Final Hole Heroics Seal Dramatic Win For Kylie Jack In B.C. Indigenous Championship

By Brad Ziemer, British Columbia Golf

She began the final round four shots back and as Kylie Jack contemplated the challenge ahead of her, she thought of words her mom had drilled into as a junior golfer.

“I had 18 holes and 18 chances,” Jack said. “You never know. My mom always told me anything can happen in golf.”

Turns out, her mom was right, anything can happen and sometimes it happens in a most dramatic fashion.

After battling first-round leader Christina Spence Proteau all day and pulling ahead by a single shot, Jack drained one of the biggest putts of her life, an uphill, 30-footer that saved her par on the 18th green and won Jack the B.C. Indigenous Championship at University Golf Club in Vancouver.

“I definitely knew how things stood,” Jack said. “I was telling myself, I have to make it, I have to make it. I hadn’t made a putt that long all the whole tournament so I figured that would be nice.”

It was even nicer that her mom, Sharon, who was also competing in the tournament, was standing beside the 18th green and watched, and then celebrated, as her daughter’s putt fell into the hole. The two shared an emotional embrace as Jack walked to the scoring table.

“This means a lot to me,” said Jack, a member of the Penticton Indian band. “It was such a cool first event at Nk’Mip (in Oliver) last year and this year with the tournament on the Musqueam territory it feels really special. I am thinking about my communities and my family and I was thinking about the Musqueam people and this beautiful golf course. I am really happy.”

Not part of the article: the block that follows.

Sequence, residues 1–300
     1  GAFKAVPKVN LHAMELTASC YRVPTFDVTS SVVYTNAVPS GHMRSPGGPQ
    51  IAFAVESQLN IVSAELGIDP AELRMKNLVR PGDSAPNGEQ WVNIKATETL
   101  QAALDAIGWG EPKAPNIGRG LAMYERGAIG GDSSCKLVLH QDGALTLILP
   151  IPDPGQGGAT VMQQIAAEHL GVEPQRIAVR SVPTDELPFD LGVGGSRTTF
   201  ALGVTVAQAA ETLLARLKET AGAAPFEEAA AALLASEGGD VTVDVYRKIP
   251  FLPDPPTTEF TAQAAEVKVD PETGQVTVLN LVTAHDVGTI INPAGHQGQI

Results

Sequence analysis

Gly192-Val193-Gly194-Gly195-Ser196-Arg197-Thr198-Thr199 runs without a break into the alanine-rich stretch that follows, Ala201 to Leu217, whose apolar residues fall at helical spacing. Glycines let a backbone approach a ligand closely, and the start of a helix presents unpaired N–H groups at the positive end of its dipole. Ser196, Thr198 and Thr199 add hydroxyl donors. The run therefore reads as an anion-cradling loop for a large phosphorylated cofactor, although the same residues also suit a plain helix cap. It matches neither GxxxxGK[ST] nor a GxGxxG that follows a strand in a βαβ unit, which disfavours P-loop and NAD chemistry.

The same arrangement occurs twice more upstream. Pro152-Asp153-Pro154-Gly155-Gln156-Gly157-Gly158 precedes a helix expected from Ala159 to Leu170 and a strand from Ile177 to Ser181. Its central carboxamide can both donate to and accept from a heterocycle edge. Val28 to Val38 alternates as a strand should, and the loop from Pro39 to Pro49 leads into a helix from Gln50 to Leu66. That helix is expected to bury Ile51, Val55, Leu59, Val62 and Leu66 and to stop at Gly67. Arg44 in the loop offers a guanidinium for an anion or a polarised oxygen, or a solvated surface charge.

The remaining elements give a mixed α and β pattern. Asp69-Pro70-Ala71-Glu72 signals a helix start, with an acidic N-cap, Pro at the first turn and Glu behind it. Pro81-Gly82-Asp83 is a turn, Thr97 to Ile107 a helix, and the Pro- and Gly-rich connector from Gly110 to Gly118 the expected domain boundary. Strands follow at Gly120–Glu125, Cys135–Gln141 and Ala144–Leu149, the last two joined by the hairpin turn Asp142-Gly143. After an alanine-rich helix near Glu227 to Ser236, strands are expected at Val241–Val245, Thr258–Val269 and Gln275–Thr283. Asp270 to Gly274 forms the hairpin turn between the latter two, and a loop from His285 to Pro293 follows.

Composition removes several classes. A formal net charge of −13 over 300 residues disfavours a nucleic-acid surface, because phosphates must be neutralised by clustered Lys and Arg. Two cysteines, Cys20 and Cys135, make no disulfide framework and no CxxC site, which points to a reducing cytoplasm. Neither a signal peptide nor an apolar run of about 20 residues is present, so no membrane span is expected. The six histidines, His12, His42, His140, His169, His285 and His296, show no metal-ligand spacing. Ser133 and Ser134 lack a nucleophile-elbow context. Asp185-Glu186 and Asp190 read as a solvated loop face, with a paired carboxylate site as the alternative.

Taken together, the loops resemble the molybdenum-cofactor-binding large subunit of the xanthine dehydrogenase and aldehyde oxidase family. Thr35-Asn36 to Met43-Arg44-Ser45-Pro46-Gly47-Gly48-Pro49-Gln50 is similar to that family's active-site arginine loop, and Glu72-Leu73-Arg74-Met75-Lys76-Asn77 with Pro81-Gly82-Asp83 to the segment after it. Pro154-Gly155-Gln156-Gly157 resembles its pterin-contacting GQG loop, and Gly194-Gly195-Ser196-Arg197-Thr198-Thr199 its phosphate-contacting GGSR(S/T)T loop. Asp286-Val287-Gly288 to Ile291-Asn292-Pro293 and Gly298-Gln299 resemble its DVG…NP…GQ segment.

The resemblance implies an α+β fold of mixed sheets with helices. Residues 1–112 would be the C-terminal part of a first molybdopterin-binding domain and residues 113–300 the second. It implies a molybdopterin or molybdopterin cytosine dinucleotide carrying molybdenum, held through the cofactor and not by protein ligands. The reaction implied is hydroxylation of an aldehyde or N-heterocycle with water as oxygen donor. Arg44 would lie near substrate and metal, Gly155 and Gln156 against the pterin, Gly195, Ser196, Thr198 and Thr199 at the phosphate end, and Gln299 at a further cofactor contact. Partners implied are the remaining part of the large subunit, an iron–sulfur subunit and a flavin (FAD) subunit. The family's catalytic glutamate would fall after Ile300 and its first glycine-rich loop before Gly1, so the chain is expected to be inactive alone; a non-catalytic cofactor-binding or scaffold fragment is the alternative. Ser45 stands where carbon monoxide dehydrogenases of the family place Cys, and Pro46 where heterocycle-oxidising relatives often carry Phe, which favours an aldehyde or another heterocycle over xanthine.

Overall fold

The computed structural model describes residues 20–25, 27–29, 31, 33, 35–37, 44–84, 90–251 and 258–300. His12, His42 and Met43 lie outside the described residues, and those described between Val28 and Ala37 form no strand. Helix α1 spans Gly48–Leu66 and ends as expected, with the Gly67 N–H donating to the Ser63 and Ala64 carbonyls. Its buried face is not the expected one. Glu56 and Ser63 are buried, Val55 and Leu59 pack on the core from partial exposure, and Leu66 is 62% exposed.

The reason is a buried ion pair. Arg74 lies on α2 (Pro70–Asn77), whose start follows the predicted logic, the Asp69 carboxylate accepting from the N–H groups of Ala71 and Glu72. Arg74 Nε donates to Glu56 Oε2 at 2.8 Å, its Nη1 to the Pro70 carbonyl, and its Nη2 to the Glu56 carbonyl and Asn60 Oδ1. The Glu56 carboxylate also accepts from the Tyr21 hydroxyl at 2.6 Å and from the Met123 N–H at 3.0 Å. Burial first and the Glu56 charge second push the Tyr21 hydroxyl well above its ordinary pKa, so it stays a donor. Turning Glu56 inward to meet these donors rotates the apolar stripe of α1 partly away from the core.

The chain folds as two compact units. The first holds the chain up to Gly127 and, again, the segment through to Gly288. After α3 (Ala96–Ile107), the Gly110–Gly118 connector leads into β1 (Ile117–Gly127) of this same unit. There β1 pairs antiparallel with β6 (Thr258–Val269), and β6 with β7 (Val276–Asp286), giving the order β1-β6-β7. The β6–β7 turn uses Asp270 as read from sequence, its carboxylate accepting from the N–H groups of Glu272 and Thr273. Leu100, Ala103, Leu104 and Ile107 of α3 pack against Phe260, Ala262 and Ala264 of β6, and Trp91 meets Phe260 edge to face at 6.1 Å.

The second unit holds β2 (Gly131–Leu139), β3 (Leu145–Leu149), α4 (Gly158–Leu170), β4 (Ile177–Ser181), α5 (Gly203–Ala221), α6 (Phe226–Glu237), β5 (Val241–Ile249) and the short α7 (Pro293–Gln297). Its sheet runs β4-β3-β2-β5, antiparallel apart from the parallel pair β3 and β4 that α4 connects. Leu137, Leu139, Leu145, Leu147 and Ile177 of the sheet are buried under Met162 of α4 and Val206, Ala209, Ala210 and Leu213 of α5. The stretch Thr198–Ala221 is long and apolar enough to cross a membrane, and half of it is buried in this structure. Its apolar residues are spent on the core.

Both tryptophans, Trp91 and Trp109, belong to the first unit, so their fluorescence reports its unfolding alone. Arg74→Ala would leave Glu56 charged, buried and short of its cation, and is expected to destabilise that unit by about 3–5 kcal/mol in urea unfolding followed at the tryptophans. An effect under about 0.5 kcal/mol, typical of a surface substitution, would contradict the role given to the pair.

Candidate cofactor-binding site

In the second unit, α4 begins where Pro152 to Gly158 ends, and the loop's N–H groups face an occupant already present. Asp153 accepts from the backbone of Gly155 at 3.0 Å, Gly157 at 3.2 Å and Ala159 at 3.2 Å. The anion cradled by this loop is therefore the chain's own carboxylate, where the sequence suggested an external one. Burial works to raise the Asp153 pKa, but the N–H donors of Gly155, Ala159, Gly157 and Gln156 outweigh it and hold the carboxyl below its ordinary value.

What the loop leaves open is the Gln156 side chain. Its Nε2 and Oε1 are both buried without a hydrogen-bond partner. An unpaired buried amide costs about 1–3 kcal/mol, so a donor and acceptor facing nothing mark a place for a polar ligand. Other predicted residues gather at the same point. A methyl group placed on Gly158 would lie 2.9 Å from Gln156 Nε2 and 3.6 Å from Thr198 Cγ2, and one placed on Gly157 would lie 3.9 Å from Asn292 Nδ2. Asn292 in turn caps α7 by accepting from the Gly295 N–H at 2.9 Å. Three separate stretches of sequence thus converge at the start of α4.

Jack has lots to celebrate these days. She recently graduated from the University of Victoria’s Indigenous law program. She will write her bar exam this fall and begin articling with the federal Department of Justice in Vancouver. Before attending UVic, Jack completed her undergraduate degree at Simon Fraser University, where she played on the women’s golf team.

The rigours of law school prevented Jack from playing much golf over the past couple of years, but she has not lost her competitive fire. “I feel like anytime someone comes to a tournament they hope to win and I seem to play a lot better when I am in a competitive environment,” she said. “When I am just playing for fun, I’m not that great.”

Jack finished the 36-hole event at 12-over par after closing with a five-over 76. She grabbed the lead for good at the par 3 16th hole, where Spence Proteau got into trouble and made a triple-bogey.

Jack made a clutch up-and-down for par on the 17th hole and then closed it out on 18 with her near-miracle par. Her drive on the final hole ended up under a tree and she had no choice but to chip back out to the fairway. Her wedge landed 30 feet under the hole and it looked like she and Spence Proteau would be heading to a playoff.

“I was under the trees a few times today,” Jack said. “I didn’t try to play any hero shots. I just chipped it out and tried to make an up and down. I was like, 'just take your medicine.'”

This was the second B.C. Indigenous Championship and in last year’s inaugural event, Jack finished second, 14 shots behind Spence Proteau, who has compiled an impressive amateur golf resumé filled with provincial and national titles.

While Spence Proteau was frustrated to lose her lead and lamented the mess she made of the 16th hole, she was the epitome of class in her post-round comments. “How are you not thrilled for a young lady who is going to be a lawyer,” said Spence Proteau, a Crown prosecutor in her hometown of Port Alberni. “It’s just lovely and I think it’s great for the tournament.”

Hayley Geremia of Langley finished third at 35-over par.

The net Stableford competition was won by Cherie Williams of Victoria. Erin Duhaime of Victoria was second and Sharon Jack of Westbank and Gloria Morgan of Enderby shared third.

Click HERE for complete final scoring.